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House Democrats Are Worried Over a New Wave of Retirements Amid Tense Midterm Season

House Democrats Are Worried Over a New Wave of Retirements Amid Tense Midterm Season

Just eight months before Election Day, a total of 31 House Democrats have now announced they won’t be seeking re-election for a variety of reasons. Whether they’ve chosen their family over their political careers (“When is it our time?” asked Michigan Rep. Brenda Lawrence’s husband), the “time has just come” (Rep. David Price of North Carolina), or they’ve simply “run out of gas” after years of Republican obstruction like Rep. Ron Kind of Wisconsin, the Democratic Party finds itself facing a loss of its already precarious majority. Some retiring members are powerful veterans, such as Kentucky’s Rep. John Yarmuth, Chair of the Budget Committee, and Oregon Rep. Peter DeFazio, who chairs the Transportation and Infrastructure Committee. Others represent politically competitive districts, like Stephanie Murphy and Ted Deutch of Florida and Ann Kirkpatrick of Arizona.

Eight of the Democrats are giving up those seats to seek other, and often higher, offices. Rep. Tim Ryan of Ohio is running for the Senate, and Rep. Karen Bass of California is running to be the mayor of Los Angeles. While their experience will be beneficial in those roles, remaining House Democrats are now looking to fill those seats with candidates who can beat any Republican challengers they may face.

Democrats aren’t worrying without reason, as retirement waves such as this also signal a loss of control. In 2018, dozens of House Republicans didn’t seek re-election, including the then-House Majority Leader, Paul Ryan. The party lost 41 seats that year, and Democrats gained control of the chamber, in an election cycle widely viewed as a referendum on Donald Trump. It’s an odd political paradox that a new President’s party almost always loses seats in the midterm elections. And in the House, Democrats can only afford to lose a handful of seats before surrendering control.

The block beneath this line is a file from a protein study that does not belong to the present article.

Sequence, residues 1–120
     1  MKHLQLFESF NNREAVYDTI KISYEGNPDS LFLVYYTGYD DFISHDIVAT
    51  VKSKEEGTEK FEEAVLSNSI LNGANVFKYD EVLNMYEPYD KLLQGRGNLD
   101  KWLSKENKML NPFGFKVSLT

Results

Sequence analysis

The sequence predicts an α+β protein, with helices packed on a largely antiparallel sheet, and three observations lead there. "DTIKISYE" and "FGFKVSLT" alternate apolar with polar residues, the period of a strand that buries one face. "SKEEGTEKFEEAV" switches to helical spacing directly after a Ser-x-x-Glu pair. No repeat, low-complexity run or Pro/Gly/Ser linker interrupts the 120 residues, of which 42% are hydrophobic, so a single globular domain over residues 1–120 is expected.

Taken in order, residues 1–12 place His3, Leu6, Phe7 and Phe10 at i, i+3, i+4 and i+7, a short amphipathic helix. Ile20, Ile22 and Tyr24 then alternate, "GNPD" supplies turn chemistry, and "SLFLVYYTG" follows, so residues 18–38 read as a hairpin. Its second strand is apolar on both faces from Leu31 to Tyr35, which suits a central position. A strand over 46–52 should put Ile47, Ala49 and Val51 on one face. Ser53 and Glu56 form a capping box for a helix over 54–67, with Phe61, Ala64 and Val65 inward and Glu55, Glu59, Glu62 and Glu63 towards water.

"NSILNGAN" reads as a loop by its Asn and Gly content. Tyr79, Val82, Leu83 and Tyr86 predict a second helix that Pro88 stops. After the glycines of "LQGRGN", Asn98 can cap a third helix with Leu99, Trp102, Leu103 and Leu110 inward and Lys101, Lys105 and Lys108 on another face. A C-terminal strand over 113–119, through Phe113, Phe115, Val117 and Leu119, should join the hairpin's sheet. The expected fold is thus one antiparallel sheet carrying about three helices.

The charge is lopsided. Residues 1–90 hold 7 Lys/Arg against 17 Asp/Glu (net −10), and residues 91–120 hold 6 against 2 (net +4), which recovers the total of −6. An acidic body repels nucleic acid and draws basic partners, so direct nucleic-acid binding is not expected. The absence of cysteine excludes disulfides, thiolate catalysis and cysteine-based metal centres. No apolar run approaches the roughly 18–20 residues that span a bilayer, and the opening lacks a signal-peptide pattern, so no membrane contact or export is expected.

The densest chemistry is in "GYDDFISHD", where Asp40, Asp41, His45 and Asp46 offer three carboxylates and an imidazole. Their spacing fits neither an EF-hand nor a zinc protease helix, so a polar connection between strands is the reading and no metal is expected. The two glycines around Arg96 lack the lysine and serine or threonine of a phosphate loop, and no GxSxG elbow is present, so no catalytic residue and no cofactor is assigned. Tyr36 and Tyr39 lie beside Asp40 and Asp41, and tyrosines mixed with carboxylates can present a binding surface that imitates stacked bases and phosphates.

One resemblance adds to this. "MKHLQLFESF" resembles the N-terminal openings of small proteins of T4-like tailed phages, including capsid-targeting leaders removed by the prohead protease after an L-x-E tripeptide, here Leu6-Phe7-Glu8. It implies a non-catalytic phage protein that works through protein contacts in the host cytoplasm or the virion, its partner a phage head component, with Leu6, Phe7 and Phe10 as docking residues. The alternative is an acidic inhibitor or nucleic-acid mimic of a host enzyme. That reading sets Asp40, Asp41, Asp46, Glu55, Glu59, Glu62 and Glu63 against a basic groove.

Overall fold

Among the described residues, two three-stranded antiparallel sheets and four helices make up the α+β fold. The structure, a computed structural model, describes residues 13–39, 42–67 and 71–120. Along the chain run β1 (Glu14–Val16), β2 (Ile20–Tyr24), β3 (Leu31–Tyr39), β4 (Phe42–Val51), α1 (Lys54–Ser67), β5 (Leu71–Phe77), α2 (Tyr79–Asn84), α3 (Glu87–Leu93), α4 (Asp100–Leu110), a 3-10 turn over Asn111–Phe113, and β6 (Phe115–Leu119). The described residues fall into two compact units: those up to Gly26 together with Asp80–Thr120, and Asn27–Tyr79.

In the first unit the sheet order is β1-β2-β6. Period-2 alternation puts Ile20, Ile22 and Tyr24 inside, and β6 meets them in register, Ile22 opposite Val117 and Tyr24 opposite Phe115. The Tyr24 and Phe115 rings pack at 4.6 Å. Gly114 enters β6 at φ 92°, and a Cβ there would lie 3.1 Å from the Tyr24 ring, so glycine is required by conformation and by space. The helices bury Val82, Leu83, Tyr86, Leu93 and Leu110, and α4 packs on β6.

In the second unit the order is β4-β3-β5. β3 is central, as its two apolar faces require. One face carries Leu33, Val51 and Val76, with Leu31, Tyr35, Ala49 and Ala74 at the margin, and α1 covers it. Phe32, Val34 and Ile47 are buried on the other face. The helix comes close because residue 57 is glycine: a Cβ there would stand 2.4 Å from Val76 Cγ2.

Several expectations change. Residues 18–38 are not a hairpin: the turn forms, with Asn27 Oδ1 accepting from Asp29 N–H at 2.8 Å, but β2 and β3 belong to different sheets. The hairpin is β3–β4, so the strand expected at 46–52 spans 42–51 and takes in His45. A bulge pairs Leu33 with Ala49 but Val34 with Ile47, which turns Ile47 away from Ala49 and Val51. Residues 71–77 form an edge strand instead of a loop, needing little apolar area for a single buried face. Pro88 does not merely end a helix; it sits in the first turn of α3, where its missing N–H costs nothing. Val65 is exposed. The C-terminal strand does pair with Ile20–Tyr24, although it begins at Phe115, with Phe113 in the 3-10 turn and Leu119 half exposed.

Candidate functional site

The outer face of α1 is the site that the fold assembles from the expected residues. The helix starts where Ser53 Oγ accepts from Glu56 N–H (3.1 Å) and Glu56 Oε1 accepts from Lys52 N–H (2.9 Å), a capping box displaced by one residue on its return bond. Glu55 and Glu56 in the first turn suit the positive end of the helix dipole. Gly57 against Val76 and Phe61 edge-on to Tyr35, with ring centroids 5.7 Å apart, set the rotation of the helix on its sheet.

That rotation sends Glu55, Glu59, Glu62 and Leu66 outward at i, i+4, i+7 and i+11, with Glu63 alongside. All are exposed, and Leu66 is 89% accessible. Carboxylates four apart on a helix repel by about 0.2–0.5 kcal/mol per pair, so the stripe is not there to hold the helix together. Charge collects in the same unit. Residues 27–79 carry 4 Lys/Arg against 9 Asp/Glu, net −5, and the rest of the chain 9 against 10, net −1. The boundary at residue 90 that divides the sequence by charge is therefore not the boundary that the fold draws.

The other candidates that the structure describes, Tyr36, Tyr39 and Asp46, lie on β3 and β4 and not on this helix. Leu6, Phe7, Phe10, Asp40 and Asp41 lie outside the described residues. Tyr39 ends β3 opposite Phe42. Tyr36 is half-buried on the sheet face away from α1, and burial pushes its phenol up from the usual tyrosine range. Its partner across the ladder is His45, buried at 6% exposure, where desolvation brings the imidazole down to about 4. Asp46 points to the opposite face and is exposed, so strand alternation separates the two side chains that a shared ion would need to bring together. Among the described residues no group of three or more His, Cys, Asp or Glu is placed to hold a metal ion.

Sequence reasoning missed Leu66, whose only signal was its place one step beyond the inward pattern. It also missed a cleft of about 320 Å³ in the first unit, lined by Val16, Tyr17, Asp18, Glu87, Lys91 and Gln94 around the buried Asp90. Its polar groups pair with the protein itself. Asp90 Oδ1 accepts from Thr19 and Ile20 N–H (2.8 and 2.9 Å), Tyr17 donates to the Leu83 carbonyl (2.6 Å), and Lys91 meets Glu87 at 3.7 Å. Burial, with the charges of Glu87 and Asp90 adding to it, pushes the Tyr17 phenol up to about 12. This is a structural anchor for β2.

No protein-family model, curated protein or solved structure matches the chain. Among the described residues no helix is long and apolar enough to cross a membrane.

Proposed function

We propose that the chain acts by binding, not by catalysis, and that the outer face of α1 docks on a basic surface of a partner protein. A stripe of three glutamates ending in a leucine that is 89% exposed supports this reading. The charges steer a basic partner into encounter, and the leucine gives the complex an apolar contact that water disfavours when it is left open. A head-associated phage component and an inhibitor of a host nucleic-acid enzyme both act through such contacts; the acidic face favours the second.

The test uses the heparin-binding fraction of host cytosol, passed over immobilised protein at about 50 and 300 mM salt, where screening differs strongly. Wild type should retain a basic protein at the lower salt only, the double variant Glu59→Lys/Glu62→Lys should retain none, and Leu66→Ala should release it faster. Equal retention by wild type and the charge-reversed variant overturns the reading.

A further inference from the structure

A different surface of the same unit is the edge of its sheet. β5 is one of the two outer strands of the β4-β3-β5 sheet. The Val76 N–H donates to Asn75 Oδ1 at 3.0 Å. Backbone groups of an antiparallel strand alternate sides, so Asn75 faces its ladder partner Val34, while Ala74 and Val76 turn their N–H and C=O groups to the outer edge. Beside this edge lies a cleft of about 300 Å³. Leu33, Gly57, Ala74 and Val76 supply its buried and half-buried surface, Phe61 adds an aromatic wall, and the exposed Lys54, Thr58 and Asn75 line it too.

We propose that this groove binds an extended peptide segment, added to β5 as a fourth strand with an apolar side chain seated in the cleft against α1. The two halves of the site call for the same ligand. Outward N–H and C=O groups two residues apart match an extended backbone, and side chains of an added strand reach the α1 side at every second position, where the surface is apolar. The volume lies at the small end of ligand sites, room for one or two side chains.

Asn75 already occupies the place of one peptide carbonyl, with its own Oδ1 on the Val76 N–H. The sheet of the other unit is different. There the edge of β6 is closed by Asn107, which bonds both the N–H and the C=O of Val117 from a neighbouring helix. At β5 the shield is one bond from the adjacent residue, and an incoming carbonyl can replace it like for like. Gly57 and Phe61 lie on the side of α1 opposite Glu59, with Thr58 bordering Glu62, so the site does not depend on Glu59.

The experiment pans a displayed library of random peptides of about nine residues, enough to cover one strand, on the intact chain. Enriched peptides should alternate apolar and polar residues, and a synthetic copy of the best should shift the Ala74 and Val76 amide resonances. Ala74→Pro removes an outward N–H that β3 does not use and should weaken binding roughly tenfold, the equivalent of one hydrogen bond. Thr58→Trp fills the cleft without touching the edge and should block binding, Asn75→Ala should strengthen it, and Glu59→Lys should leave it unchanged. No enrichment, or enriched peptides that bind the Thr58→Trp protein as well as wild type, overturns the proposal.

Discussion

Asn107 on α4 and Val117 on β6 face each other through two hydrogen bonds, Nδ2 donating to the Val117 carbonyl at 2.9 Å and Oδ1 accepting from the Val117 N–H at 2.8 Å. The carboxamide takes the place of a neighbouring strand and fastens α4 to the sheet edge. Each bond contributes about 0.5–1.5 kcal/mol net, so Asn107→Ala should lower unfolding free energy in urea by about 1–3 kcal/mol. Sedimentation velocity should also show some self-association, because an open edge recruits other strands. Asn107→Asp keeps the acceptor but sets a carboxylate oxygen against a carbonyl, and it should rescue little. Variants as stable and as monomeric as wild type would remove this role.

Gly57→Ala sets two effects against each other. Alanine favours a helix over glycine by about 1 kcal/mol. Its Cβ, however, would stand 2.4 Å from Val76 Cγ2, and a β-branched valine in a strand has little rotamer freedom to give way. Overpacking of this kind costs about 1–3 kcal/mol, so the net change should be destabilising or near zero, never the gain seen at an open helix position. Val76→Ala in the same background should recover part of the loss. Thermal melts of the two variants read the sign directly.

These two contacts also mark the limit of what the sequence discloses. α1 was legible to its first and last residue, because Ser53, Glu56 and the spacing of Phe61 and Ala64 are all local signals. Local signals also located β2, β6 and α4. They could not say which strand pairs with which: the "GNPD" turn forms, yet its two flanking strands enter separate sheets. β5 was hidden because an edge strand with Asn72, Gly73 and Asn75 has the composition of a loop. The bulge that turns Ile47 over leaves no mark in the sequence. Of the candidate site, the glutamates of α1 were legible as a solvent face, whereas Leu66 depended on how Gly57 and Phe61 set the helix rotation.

Though Democrats have fared far better than expected in the redistricting process, it was still a factor in some decisions to retire or seek another office. For example, Tennessee Congressman Jim Cooper witnessed his Democratic Nashville seat being broken up into three different districts that Trump would have easily won in 2020. He decried the move as “raw politics” and an effort to dilute the electoral power of Black voters. The day after the Tennessee legislature approved the map, Cooper announced his retirement from Congress, where he had served for more than three decades.

But Republicans are facing the midterms beneath the cloud of Trump, which the Democrats plan to use to their advantage on the campaign trail. The GOP will have to answer for Trump’s enduring control over their party, say Democratic insiders, and the fallout from the congressional investigation into the events of January 6th, as well as for their efforts to restrict access to abortion and the ballot, are issues Democrats believe will rally voters to their side this cycle.

Read the full report at The Guardian.

 

 

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